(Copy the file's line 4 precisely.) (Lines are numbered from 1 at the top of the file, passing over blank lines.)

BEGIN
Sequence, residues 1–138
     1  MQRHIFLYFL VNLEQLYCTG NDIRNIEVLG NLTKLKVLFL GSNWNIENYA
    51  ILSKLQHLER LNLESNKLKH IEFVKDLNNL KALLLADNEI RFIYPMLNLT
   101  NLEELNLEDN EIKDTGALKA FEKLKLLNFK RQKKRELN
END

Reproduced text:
   101  NLEELNLEDN EIKDTGALKA FEKLKLLNFK RQKKRELN